Presentation on theme: "Notebooks out… Direct Objects Subject + verb +who? or what?= D.O."— Presentation transcript:
Notebooks out… Direct Objects Subject + verb +who? or what?= D.O.
Direct objects A noun, pronoun, or word group that tells who or what receives the action of a transitive (action) verb or shows the result of the action. S V D.O. I kicked the ball. Subject + Verb+ who? or what? = direct object. The verb used with a direct object is always an action verb.
A direct object may be compound: Ex: The parrot said “Good Morning” and “Cat free to good home.” [The parrot said what? “Good Morning” and “Cat free to good home.”] A direct object may precede the subject and verb. Ex: What remarkable tricks the illusionist performed! [The illusionist performed what? Tricks.]
Direct objects are NEVER found in prepositional phrases (now do you get why we have to find those first?!) Ex: Tom was driving in his car. [Car is part of the prepositional phrase in his car. The sentence has no D.O.] Tom was driving his car. [Car is the D.O.]
So… Step 1: Locate the prepositional phrases (if there are any). Step 2: Identify the subject and verb. Step 3: Ask yourself: Subject + verb+ who? or what? = D.O. Ex: S V. D.O. I loaded the film (into the camera.) I + loaded what? = film!
Practice: 1. Paul built a doll house for Hayley. 2. The club members held a party in the park. 3. Tiny children prefer short stories. 4. Terri dialed a wrong number in the middle of the night. 5. I focused the camera on a distant object.
Practice: 6. I could read the shutter speed in the viewfinder. 7. Slowly and carefully, I pressed the button. 8. I then advanced the film for the next shot. 9. By the end of the day, I had snapped 36 pictures. 10. Have you ever taken photographs with a 35-mm camera?
Write the sentence. Circle the Verb and underline the Direct Object. 1. Did our neighbor stake her new plants? 2. Dad and Mom planted decorative native grasses along the back fence. 3. Once a week, Pearl added a fictional adventure to her journal. 4. During today’s practice, Coach wants hard work. 5. What great coordination Sam and you bring to our defense! 6. At the farmer’s market we will buy onions, peas, and corn. 7. For the awards banquet next month, invite someone as your guest.
Indirect objects are… Nouns, pronouns, or word groups that often appear in sentences containing direct objects. If there is no direct object, there is no indirect object. They tell to whom or to what (or for whom or for what) the action of a transitive verb is done. They generally (not always) come between a verb and a direct object. Examples: Meli read us her report. [Meli read it to whom? Us.]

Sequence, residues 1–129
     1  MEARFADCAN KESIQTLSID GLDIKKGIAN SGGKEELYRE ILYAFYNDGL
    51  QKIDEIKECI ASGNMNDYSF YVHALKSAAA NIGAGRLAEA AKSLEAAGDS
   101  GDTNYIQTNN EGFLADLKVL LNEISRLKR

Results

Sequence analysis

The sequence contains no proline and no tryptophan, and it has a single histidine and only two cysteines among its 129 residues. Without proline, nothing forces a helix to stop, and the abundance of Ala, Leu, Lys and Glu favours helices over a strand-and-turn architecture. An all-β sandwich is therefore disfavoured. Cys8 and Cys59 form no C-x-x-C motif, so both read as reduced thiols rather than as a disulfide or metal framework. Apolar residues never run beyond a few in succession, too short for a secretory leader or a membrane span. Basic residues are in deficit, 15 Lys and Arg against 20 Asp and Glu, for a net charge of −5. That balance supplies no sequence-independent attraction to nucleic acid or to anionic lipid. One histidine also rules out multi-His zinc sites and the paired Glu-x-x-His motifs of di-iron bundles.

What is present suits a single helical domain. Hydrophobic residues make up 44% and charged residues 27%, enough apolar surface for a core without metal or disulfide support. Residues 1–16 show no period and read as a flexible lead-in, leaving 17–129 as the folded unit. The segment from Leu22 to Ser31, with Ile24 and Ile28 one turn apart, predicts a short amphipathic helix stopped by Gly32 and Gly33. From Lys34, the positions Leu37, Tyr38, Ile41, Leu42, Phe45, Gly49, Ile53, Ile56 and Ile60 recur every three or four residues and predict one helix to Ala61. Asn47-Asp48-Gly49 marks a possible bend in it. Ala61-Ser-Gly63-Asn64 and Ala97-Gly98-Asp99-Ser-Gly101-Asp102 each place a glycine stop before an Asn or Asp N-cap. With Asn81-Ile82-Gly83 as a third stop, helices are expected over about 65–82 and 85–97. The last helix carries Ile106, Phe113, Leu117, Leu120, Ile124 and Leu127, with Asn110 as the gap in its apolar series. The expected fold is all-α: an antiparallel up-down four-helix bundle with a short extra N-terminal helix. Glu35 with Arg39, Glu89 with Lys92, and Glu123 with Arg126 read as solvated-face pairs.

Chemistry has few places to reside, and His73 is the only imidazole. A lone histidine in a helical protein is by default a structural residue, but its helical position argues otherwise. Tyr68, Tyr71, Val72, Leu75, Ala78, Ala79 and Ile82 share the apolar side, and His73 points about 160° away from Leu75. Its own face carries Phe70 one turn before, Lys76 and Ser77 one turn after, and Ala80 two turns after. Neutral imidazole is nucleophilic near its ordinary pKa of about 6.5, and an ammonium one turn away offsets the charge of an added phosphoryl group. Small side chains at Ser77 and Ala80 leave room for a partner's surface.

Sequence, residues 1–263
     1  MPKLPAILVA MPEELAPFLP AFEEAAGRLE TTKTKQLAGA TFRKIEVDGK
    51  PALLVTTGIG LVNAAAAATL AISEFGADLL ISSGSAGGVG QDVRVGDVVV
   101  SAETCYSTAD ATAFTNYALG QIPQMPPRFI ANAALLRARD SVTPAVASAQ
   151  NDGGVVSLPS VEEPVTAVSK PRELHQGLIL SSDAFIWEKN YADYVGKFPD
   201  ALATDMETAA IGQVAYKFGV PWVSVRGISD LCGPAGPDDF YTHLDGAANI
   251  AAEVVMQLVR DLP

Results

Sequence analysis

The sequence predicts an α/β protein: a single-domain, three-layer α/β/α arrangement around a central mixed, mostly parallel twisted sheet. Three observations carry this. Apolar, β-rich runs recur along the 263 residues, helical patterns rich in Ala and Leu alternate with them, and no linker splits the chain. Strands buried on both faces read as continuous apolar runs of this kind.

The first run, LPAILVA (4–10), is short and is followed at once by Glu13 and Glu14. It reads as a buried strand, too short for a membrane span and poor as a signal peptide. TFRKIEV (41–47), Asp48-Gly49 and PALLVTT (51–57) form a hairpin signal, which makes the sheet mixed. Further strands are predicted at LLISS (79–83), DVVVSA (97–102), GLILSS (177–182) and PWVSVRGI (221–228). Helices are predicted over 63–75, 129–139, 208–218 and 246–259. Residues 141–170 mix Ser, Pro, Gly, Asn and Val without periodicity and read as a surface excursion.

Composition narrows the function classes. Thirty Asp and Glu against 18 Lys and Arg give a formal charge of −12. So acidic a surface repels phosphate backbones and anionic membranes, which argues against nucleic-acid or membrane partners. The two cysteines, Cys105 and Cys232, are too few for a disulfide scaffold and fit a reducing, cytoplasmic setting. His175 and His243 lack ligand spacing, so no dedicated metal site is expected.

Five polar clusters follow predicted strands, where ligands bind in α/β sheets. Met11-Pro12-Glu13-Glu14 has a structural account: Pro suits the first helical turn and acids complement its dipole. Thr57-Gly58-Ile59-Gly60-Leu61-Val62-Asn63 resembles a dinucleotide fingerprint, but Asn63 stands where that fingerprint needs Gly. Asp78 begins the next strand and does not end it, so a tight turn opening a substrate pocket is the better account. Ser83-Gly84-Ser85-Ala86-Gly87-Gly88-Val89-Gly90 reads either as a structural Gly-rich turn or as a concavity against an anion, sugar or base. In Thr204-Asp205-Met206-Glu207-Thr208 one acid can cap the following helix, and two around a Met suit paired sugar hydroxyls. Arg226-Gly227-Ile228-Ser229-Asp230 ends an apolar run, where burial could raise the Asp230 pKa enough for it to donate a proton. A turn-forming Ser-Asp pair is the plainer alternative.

More Examples They fed the horses some oats. [They fed oats to what? Horses.] Juan left you this message. [Juan left it for whom? You.] Carly knitted her pet dachshund a blanket. [Carly knitted it for what? Dachshund.]
If the word to or for is used, the noun or pronoun following it is part of a prepositional phrase and cannot be an indirect object. Ex: Jeff wrote a note to me. [Me is part of the prepositional phrase to me.] Jeff wrote me a note. [Me is the I.O.] An indirect object may be compound. Ex: I called and left Sarah and Joe a message.
Practice: Identify the D.O. and I.O. in the sentences. Hint: Remember the steps… 1. Leroy told us his plans for the future. 2. He wants a place on the U.S. swim team in the next Olympic games. 3. This goal demands hours of hard practice. 4. Leroy swims 100 laps in the college pool. 5. Intense training could cost him his social life.
6. With his rigorous schedule, Leroy doesn’t have much time to spend with friends. 7. However, we all understand and give him much encouragement and support. 8. We can’t teach him the fine points of competitive swimming. 9. His coach does that. 10. Maybe we’ll see Leroy at the next Olympics.
Practice: Write down the D.O. and I.O. in each sentences. Some sentences will not contain an I.O. 1. Denny brought Tony some apples, bananas, and strawberries from the store. 2. Place the puppy into his pen and come to dinner. 3. Jennifer sent an e-mail to her friend in Missouri. 4. The kids played street hockey all afternoon. 5. Thomas got an invitation to visit UCLA during Spring Break. 6. Gary brought a paper to read while he waited for Ann to finish. 7. Justin Timberlake sang his fans' favorite hits. 8. The king gave his most loyal subjects a generous portion of land. 9. The instructor offered her students a lollipop after class. 10. He tied the nets to the goal posts and lined the fields for this season's games. 11. The plumber sent Mom a bill for fixing the sink. 12. Paul bought us tickets for Sunday's game. 13. Grandma read Michael and Mark a story before bed. 14. Orlando wrote a poem and submitted it to the contest. 15. I need more time to finish my project.